Modi and his ‘˜India united’ themes

Widely held as a divisive figure, BJP’s prime ministerial candidate Narendra Modi has been using certain unifying themes since his election to the CM post in Gujarat.

A large section of politicians – in India or overseas – calls Gujarat chief minister Narendra Modi a ‘divisive’ figure. And that probably will be the reason that a huge chunk will never vote for him in elections. Even a larger section holds RSS in contempt. These are the dis-advantages that BJP’s prime ministerial candidate Modi is battling with.

The Godhara pogrom has tainted his life forever. In his recent article, The Hindu’s N Ram declared him unfit for becoming the prime minister of the country precisely because of his controversial figure. The whole gamut of his abilities was praised but dwarfed by Ram against his inability to stop the carnage which took place in 2002.

That maybe the reason that Modi has been using certain uniting factors in his speeches across his rallies and other public addresses to gain the consensus.

Modi’s ‘One India’ slogan has already converted into a project. His speeches start with ‘Vande Mataram’, “Bharat Mata ki Jai’ and ends with them. Projecting himself as a nationalist is the biggest unifying factor which will deliver him votes too.

Neutral icons
Modi uses Swami Vivekananda, Mahatma Gandhi and Sardar Vallabhai Patel freely in public domain.

Swami Vivekananda is a respected figure and what’s more he is closely associated with Hinduism. He is a youth icon and Modi cuts into this faction through him.

Mahatma Gandhi, who also happens to be a Gujarati like Sardar Patel, is an obvious choice. And nobody can stop him from honouring the Mahatma, not even Congress.

Sardar Patel is a universally admired personality and he’s a Congressman to boot. Nobody is rubbishing Patel, but only rubbishing Modi using Patel’s name. That is downright silly because the history of the world is littered with greats and anyone is free to take inspiration from any of them. What’s more that he erects Patel’s statue and calls it the “Statue of Unity”.

This subtle use of neutral icons has greatly helped Modi gain widespread acceptance.

When Modi was re-elected in 2002, he decided to focus on development. If you look at his speeches in the last odd decade then you’ll find very little of religion and most of it on development.

Modi uses social media in style which is a humongous medium that no-one can control. Netizens seem united behind Modi. This was shown in great contrast in an online poll conducted by a TV news channel where lakhs of people participated. 61% said they would vote for the BJP and just 5% Congress.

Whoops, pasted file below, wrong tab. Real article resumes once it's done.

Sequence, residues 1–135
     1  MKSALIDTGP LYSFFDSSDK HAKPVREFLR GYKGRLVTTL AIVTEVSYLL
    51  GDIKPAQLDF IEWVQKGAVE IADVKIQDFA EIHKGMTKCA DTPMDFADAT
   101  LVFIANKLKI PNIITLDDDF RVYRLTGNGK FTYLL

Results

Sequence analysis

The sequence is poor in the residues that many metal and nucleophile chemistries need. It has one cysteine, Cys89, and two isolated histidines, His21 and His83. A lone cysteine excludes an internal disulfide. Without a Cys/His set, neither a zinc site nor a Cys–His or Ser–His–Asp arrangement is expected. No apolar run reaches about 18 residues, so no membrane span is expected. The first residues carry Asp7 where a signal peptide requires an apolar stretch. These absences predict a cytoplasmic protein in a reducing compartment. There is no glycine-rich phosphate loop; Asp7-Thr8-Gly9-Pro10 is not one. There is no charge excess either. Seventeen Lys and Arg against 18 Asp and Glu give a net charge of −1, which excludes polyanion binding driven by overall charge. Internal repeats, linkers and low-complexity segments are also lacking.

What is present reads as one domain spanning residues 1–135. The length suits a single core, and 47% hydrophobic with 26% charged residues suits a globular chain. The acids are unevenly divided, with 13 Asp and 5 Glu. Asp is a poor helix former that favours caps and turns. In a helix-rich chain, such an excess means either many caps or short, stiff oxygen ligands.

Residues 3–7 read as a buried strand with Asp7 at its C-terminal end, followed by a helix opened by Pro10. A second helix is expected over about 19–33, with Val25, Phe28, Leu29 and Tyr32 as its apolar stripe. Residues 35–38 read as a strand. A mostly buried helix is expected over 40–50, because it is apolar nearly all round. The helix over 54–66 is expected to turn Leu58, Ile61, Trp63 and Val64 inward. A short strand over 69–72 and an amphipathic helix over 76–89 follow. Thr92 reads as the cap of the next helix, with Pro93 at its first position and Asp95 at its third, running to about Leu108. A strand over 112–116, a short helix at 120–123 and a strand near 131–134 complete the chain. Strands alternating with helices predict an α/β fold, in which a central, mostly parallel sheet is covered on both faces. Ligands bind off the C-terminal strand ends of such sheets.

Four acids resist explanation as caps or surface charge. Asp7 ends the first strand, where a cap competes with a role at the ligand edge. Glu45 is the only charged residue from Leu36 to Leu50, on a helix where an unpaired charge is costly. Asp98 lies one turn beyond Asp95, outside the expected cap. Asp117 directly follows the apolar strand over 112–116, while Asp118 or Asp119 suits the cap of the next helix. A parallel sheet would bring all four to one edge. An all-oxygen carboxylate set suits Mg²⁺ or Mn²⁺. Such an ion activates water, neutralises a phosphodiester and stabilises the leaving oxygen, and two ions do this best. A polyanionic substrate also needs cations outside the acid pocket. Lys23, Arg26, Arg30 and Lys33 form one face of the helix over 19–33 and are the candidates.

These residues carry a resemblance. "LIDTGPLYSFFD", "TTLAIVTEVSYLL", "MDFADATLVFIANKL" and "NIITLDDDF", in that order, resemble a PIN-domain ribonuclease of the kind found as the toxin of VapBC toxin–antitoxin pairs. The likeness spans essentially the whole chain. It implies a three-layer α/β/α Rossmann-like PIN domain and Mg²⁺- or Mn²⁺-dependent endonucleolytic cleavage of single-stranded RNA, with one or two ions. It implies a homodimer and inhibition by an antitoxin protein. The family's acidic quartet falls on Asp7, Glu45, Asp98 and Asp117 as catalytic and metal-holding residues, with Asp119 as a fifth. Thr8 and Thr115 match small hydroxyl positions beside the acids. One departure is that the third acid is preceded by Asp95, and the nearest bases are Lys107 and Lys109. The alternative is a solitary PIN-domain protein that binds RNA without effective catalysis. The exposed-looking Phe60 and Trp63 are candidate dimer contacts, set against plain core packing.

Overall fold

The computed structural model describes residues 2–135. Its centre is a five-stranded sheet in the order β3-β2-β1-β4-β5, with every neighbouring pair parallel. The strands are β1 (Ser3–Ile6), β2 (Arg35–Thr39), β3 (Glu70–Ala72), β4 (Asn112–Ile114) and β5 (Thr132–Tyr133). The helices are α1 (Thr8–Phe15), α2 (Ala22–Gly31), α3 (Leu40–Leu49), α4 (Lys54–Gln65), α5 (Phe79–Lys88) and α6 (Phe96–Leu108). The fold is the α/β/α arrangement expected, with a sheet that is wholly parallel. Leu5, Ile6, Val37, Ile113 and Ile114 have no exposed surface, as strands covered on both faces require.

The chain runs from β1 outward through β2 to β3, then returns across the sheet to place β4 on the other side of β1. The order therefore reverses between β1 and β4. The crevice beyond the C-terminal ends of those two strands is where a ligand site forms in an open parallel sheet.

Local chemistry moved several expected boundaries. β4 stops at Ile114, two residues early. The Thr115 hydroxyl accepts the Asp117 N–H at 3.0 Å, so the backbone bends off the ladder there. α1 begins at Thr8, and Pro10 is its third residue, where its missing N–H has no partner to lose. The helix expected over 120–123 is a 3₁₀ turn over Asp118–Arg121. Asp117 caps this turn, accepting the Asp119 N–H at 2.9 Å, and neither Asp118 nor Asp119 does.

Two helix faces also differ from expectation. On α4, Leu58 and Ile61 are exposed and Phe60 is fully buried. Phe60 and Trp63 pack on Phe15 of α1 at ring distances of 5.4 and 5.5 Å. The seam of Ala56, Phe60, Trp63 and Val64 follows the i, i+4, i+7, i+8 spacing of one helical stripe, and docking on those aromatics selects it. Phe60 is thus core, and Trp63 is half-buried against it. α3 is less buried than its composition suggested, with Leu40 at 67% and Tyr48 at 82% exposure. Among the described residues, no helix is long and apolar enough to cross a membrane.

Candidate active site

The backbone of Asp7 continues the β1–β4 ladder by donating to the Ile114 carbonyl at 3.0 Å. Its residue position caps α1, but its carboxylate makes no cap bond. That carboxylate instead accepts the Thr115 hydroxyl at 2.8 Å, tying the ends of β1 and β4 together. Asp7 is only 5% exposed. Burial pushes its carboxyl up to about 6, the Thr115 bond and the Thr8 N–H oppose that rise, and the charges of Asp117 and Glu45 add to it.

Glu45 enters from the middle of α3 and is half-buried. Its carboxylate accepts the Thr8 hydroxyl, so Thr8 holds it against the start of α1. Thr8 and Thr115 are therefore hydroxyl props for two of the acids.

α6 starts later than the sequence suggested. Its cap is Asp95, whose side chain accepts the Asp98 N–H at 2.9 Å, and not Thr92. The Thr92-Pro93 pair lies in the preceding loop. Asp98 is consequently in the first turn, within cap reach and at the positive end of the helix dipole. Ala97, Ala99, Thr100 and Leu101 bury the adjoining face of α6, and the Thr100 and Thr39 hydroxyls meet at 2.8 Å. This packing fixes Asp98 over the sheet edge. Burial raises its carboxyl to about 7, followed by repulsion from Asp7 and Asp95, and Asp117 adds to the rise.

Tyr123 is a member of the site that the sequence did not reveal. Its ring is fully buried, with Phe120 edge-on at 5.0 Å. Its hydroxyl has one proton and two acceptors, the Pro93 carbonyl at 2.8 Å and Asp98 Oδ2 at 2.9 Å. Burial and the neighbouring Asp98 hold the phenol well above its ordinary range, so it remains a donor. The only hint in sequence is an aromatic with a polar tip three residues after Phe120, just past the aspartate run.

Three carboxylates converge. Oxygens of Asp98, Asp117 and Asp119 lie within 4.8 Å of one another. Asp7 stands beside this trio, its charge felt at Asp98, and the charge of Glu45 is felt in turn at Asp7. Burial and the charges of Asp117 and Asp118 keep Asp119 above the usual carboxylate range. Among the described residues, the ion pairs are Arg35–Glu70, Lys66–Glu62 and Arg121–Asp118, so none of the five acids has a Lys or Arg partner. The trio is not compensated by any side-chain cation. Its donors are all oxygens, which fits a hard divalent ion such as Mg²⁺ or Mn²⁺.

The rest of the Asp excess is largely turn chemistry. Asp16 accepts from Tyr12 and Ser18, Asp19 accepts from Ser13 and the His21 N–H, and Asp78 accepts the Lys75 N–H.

Modi uses his ‘clean administration’ image to woo voters. Just yesterday in his Bemetra (Chhatisgarh) rally, he said that people were fed up of Congress government because of the relay of scams they carried out. Everybody wants to fight corruption and present a united stand against it. There have been no major scams coming from Gujarat post-2001 and that’s something that millions of people all over India appreciate.

The economy in the state is booming. And what could be more of a proof that UK prime minister David Cameron, who was so up against Modi like others, is ready to meet him due to the business prospects he finds between his country and the state. Modi’s governance and administrative acumen in Gujarat is something that many Indians want replicated at the national level.

Many people used to see the BJP as a high-caste party from the Hindi heartland. Modi is not only of a lower caste, but uses language effectively wherever he goes. You can get his Twitter feed in various regional languages.

In Orissa he spoke in Oriya and in Hyderabad, he began the speech with Telugu. In Trichy which saw a crowd of 3 lakh (unheard of for a BJP leader) the Tamil translation followed after every para. Of course his Hindi rallies are also a huge hit as seen by the Patna one which may have touched one million.

A lot of Modi critics bemoan his lack of English speaking skills but what they don’t realize is that regional languages are much bigger unifiers across India than English can ever hope to be.

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